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Iridescence, a natural superpower

AnnaPokorska1 May 2019

So far, in my previous blog posts I’ve talked about individual colours and how they were created and used in Ancient Egypt (see the beginning of the series here). But let us now explore a fascinating property which brings them all together – iridescence. It’s a phenomenon whereby surface colour appears to change with the angle of viewing or illumination and is caused by an optical effect rather than pigmentation. The word itself derives from the Greek goddess of the rainbow – Iris, while the Latin suffix ‘-escent’ means having a tendency towards something. A perhaps less glamorous term for iridescence, goniochromism, can also be traced back to Greek words ‘gonia’ meaning angle, and ‘chroma’ meaning colour.

Iris Carrying the Water of the River Styx to Olympus for the Gods to Swear By, Guy Head, c. 1793 – Nelson-Atkins Museum of Art (Photo: Daderot).

Iridescence is a type of structural colouration and occurs in the natural world (e.g. insects, birds) as well as in man-made materials (glass, soap bubbles, playing surface of a CD).

Blue Morpho butterfly showing off its glorious colour (Photo: Derkarts).

A brilliant example of the use of iridescence in nature can be found in the Blue Morpho butterfly (Morpho menelaus) whose upper wings appear to be bright blue. It is one of the largest butterflies in the world and can be found in South American rainforests. Those beautiful and rare butterflies use iridescence to evade predators by becoming briefly invisible! As they fly, the colour of their wings shifts between brilliant blue and brown, so against the background of the forest and sky they seem to disappear for a flash just to reappear a little further away, confusing anyone who might be trying to catch them.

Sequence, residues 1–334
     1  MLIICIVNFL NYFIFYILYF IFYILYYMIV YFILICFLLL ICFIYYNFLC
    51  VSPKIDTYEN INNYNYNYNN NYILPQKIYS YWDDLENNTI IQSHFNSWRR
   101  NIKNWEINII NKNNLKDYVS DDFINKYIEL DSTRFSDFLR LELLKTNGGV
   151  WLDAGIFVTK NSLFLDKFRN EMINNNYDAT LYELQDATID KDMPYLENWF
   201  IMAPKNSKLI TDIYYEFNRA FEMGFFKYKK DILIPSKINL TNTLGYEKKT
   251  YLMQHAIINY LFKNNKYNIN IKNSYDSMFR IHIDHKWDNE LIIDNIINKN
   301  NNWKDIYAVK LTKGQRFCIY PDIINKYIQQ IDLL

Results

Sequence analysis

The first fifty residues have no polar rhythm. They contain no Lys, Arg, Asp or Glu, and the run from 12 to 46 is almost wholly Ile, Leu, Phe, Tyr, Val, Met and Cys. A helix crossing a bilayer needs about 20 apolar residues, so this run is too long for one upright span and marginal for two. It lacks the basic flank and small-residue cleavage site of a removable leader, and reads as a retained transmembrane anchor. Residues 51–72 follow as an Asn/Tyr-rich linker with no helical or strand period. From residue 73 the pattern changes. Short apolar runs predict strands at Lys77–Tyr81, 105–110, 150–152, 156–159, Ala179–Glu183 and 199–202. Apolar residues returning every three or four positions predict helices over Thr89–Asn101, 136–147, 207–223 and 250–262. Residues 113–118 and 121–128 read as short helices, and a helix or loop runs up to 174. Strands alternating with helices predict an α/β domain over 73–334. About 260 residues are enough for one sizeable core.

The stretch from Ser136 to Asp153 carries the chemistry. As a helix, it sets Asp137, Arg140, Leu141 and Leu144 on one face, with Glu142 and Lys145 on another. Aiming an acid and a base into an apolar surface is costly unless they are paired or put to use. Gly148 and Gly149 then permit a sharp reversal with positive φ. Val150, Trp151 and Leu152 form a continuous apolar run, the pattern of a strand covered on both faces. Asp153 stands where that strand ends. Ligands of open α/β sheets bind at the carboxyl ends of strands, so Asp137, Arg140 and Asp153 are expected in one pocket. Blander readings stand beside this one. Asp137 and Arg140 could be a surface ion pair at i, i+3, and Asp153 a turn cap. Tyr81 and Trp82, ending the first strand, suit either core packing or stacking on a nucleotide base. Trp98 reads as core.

Perhaps a more familiar example of iridescent colouring is mother-of-pearl, or nacre, which has long been admired and used for many decorative purposes, from jewellery to furniture, artwork to cutlery. Some specimens can even be found in the Petrie Museum collection. In nature, nacre occurs on the inner shell of some molluscs (such as abalone sea snails) or on the surface of pearls. Its purpose is once again defensive as the molluscs secrete layers of nacre on the inner surface of their shells to protect the soft layers beneath from parasites and debris. As a material, nacre is made up of tiny hexagonal platelets of aragonite, a form of calcium carbonate. The thickness of the platelets (between 300 and 1500 nm) allows them  to interfere with different wavelengths of visible light at various viewing angles, creating an iridescent effect. However, studies using Scanning Electron Microscopy (SEM) have shown that the effect is also partially caused by diffraction resulting from a high groove density of the surface.

Inside of an abalone shell (Photo: Marac).

Some plants have also evolved to use thin layers of photosynthetic structures, called iridoplasts, to bend and absorb more light in dark environments such as the lower levels of tropical forests. This causes the surface of their leaves to appear iridescent and almost glowing in the dark. For instance, peacock begonia (Begonia pavonina) from South East Asia shows a beautifully intense metallic blue as it amplifies  the small amount of visible light it receives. The iridoplasts bend the light repeatedly thus making very efficient use of long red and green wavelengths while reflecting the blue ones.

Peacock begonia (Photo: Shyamal).

Many more examples of iridescence exist in nature and this blog post could easily become a very long article if I attempted to include them all. I guess it’s very easy to assume that this phenomenon is mainly decorative and meant to create attraction, like peacock’s feathers for example. But, as we can see, there are plenty of instances where the effect serves a purpose very different to what we might originally have imagined or is an almost accidental by-product of a completely unrelated function . In my next post I will explore how one man managed to replicate natural iridescence for purely ornamental purposes, so stay tuned for Part 2!

Incest in Nature

AlexandraBridarolli20 December 2018

This is the third segment in a series on incest; you can go back and read the previous segments on incest in ancient Egypt and incest in the Hapsburg family.